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Re: Safety Alert- Hypoxia

Post Scott - A2A »

I did some flight testing the other day at 7,.500 feet, not that high, but interesting. I found my oxy level went down to the high 80's (from 99), but as soon as it did, my body had the urge to take a few deep breathes. Then it came back up to mid / upper 90's, then back down, etc. There is clearly a natural response. However, if I make a point to breath slow and deep, and it really wasn't difficult at all to do, I was able to maintain high 90's at 7,500 feet.

I'll be flying Westbound next week and, weather permitting, will pop up to higher altitudes to get more info.

Ideally, this would come with some kind of settable alarm.

Scott.
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taildraggin68
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Re: Safety Alert- Hypoxia

Post taildraggin68 »

Yes, that natural urge to try and get more oxygen by the body.....that alone should be an indicator to someone flying a pressurized airplane at high altitude that something is wrong.....but how many pilots would clue into that indication? In a pressurized airplane? Flying an aircraft as yours at high altitude, you know you only have x amount of time without supplemental oxygen. I think complacency is the biggest threat with hypoxia, indications are there, but they are subtle. Question is.....would pilots with thousands of hours in say a TBM850, question the validity of that new fangled thing stuck to their finger telling them their oxygen is low, while not questioning the probability of a slow pressurization problem in a plane they have never had issues with?

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Great Ozzie
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Re: Safety Alert- Hypoxia

Post Great Ozzie »

Scott - A2A wrote:I did some flight testing the other day at 7,.500 feet, not that high, but interesting.
That is very interesting, Scott. Thanks for reporting back btw. Yeah, my thoughts exactly with respect to an alarm when oxygen saturation drops below a set point.

I looked at the Nonin's and didn't see anything with an alarm until you got to the tabletop models.

One other thing I can see is the hassle of having to check every couple minutes when you get into the FLs and are pressurized. I'll say this, every time I see a Part 135 reg (like 135.89 - Pilot requirements: Use of oxygen) I have to wonder why I wouldn't want to comply with those regs i.e. follow 135 over 91.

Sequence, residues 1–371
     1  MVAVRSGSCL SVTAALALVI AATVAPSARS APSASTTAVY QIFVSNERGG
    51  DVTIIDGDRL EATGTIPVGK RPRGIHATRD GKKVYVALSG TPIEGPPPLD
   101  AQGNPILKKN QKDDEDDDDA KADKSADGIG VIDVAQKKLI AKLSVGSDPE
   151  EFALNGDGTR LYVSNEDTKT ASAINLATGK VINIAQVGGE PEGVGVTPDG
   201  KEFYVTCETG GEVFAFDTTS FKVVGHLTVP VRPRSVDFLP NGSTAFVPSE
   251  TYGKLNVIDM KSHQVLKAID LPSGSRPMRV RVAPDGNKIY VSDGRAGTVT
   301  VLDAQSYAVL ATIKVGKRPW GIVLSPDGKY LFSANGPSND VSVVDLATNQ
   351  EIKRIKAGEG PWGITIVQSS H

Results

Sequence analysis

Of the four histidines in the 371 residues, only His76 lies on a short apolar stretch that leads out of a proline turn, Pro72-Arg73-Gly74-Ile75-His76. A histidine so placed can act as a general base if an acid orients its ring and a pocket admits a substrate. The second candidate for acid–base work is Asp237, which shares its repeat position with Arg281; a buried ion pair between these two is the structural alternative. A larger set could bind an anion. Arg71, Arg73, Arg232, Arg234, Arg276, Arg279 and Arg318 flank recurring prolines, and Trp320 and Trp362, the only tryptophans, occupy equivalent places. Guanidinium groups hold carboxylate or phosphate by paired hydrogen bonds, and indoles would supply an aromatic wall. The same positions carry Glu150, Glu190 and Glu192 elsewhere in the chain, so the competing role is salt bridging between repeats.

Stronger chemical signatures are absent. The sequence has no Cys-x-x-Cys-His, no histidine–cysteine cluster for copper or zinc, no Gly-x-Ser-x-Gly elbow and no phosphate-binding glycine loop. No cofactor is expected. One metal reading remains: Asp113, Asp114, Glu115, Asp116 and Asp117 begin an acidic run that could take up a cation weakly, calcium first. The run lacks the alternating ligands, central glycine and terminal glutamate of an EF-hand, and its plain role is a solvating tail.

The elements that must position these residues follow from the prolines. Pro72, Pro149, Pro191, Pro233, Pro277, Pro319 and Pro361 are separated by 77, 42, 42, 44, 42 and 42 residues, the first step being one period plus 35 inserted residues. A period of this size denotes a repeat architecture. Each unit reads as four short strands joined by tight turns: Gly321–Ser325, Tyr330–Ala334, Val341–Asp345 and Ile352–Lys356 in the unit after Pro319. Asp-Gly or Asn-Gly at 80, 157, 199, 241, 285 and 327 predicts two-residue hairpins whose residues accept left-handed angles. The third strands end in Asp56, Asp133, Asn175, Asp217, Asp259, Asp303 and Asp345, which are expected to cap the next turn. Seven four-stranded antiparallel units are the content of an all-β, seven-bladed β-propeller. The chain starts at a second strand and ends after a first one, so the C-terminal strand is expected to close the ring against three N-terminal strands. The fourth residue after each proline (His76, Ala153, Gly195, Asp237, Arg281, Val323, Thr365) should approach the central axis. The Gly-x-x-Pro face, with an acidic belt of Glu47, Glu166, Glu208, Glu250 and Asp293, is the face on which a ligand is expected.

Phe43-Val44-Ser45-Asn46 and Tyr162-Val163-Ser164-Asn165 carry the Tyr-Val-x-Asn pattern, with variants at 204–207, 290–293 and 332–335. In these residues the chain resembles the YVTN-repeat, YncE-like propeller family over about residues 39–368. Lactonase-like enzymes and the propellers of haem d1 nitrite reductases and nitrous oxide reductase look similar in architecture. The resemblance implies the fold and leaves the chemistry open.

If you can find an article from IFR Magazine The 91-Percent Solution - Oxygen and Hypoxemia - that appears to fit with Scott's experience (worth a read).
taildraggin68 wrote:Question is.....would pilots with thousands of hours in say a TBM850, question the validity of that new fangled thing stuck to their finger telling them their oxygen is low, while not questioning the probability of a slow pressurization problem in a plane they have never had issues with?
I'm sure, especially for those who fly in the FLs, that the Payne Stewart accident is in the back of one's mind. And if you go to the trouble to buy a pulse oximeter and monitor your O2 saturation, that it would be like any other "system" you monitor.

I think there would be more concern over getting a low O2 saturation from an oximeter when you are outside that 'time of useful consciousness' zone - and responding correctly. Or, depending on altitude, getting a low O2 saturation, and responding within sufficient time to avoid an accident.

From this Flying Magazine Doomed TBM 900 Pilot Twice Asked for Lower Altitude it sounds like the pilot knew he had a problem, took corrective action... but his corrective response was just not quick enough to prevent the accident.
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taildraggin68
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Re: Safety Alert- Hypoxia

Post taildraggin68 »

Good little article Rob, But that only goes to demonstrate lacking on ATC's part in this incident.....I only hope that this incident triggers conscious thought on "what would you do?" discussions such as we have here......I do hope they are able to recover the aircraft soon so the families can get closure but as well to be able to determine what happened.

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AKar
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Re: Safety Alert- Hypoxia

Post AKar »

I suppose the pilot didn't get his emergency oxygen on and working in time - perhaps he never even attempted that before he got too impaired from lack of oxygen. The oxygen 'should' be the number one priority but obviously for some reasons he got his priorities in other order.

-Esa
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n421nj
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Re: Safety Alert- Hypoxia

Post n421nj »

Having accusim aircraft that mimic hypoxia is a great training aid as well. Just thinking that ok approaching 10000 ft better put oxygen on keeps hypoxia awareness fresh on the mind, especially if you are flying several times a week.